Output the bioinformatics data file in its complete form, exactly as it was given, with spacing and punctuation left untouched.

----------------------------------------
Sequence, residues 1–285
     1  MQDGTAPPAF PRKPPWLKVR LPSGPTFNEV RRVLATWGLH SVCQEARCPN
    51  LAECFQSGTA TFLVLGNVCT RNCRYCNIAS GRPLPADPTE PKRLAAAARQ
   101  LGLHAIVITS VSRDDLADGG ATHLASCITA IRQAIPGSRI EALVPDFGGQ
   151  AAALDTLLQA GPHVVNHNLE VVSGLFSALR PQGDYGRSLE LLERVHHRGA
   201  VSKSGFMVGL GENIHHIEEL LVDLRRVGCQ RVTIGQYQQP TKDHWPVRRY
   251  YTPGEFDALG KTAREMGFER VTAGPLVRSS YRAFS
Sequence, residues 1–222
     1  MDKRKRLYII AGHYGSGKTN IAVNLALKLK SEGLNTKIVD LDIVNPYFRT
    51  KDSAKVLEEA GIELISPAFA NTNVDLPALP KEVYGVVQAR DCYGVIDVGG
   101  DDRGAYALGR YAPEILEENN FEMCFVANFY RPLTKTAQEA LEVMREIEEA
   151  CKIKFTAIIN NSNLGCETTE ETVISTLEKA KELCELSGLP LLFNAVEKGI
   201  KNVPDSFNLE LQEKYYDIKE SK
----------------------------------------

Sequence, residues 1–285
     1  MQDGTAPPAF PRKPPWLKVR LPSGPTFNEV RRVLATWGLH SVCQEARCPN
    51  LAECFQSGTA TFLVLGNVCT RNCRYCNIAS GRPLPADPTE PKRLAAAARQ
   101  LGLHAIVITS VSRDDLADGG ATHLASCITA IRQAIPGSRI EALVPDFGGQ
   151  AAALDTLLQA GPHVVNHNLE VVSGLFSALR PQGDYGRSLE LLERVHHRGA
   201  VSKSGFMVGL GENIHHIEEL LVDLRRVGCQ RVTIGQYQQP TKDHWPVRRY
   251  YTPGEFDALG KTAREMGFER VTAGPLVRSS YRAFS
Sequence, residues 1–222
     1  MDKRKRLYII AGHYGSGKTN IAVNLALKLK SEGLNTKIVD LDIVNPYFRT
    51  KDSAKVLEEA GIELISPAFA NTNVDLPALP KEVYGVVQAR DCYGVIDVGG
   101  DDRGAYALGR YAPEILEENN FEMCFVANFY RPLTKTAQEA LEVMREIEEA
   151  CKIKFTAIIN NSNLGCETTE ETVISTLEKA KELCELSGLP LLFNAVEKGI
   201  KNVPDSFNLE LQEKYYDIKE SK